storage and communication resources found in many private homes with essentially zero initial
investment. Broadband modems, routers, set-top boxes, game consoles and desktop PCs are all candidates
for participation in this architecture since today most of these devices already provide Internet
connectivity, reasonable computation and some storage capabilities. The challenge is to turn this
collection of loosely connected, unreliable, heterogeneous, resource-constrained hardware into a coherent
and usable infrastructure through existing P2P technologies so as to offer an IaaS cloud API to customers.
We must also ensure that the salient features of clouds on-demand resource provisioning, elasticity and
measured service are maintained.
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The completely decentralized architecture of a P2P cloud offers many desirable properties. First, there is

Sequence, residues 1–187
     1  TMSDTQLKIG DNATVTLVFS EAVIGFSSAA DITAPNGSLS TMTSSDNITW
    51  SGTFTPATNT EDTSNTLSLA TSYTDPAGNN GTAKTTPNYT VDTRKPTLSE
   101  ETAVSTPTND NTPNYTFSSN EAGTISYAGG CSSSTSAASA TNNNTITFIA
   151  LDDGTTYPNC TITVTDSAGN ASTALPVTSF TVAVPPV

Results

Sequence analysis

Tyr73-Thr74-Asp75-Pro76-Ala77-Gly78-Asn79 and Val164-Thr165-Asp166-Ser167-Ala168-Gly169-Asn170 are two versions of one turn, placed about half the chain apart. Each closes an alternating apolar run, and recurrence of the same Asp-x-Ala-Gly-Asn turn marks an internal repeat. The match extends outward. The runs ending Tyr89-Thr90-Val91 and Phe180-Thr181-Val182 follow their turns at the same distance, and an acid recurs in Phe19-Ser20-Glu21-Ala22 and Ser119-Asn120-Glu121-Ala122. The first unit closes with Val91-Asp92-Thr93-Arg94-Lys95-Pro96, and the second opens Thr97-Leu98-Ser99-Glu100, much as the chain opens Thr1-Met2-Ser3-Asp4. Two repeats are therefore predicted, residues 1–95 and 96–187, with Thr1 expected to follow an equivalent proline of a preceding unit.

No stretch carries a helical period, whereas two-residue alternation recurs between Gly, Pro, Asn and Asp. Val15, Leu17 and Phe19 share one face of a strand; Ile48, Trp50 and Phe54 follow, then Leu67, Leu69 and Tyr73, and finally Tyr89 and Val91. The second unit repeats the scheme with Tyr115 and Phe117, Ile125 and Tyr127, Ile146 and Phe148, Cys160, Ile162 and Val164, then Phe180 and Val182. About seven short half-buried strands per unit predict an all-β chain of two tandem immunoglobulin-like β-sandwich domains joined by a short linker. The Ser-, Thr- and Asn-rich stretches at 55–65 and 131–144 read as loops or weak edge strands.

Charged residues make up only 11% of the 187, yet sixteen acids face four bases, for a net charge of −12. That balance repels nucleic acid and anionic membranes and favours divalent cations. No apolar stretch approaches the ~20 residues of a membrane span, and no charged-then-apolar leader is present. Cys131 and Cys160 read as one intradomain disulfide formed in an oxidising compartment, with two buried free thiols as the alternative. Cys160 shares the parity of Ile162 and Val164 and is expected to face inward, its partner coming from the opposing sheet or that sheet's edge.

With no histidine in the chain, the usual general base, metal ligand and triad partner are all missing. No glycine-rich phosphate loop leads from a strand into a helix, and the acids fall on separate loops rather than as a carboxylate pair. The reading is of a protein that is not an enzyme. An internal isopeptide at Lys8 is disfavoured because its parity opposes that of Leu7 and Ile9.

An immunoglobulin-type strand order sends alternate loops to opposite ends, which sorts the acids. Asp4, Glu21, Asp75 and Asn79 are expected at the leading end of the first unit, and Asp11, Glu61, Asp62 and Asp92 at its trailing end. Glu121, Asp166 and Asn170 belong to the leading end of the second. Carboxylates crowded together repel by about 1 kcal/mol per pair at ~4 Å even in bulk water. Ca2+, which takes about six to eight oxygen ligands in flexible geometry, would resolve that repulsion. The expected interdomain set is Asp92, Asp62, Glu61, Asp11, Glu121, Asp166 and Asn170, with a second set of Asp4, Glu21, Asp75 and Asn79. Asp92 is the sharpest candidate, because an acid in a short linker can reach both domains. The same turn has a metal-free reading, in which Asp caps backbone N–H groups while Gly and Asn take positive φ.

no single entity that owns or controls it. As with most other P2P applications, a P2P cloud could be
created and operated as a grassroots effort without requiring the permission or consent of any authority.
Individuals decide unilaterally to participate in a P2P cloud by installing the appropriate client software
on their local machines. The value of the resulting P2P cloud infrastructure will be commensurate with
the number of individuals who have joined it. Just as no single entity is controls the creation of a P2P
cloud, no single entity can unilaterally decide to shut it down. A second advantage of a P2P cloud derives
from the fact that its components are small, have low power consumption and are geographically
distributed. In other words, power to a P2P cloud is supplied through different power grids and network
connectivity is provided through different ISPs, reducing drastically the single point-of-failure risk
associated with data-centers. Furthermore, the low-power nature of the components and the significant
geographic separation between them obliviates completely the heat dissipation concerns of data-centers.
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While P2P clouds are unlikely to provide the Quality of Service (QoS) guarantees of centralized or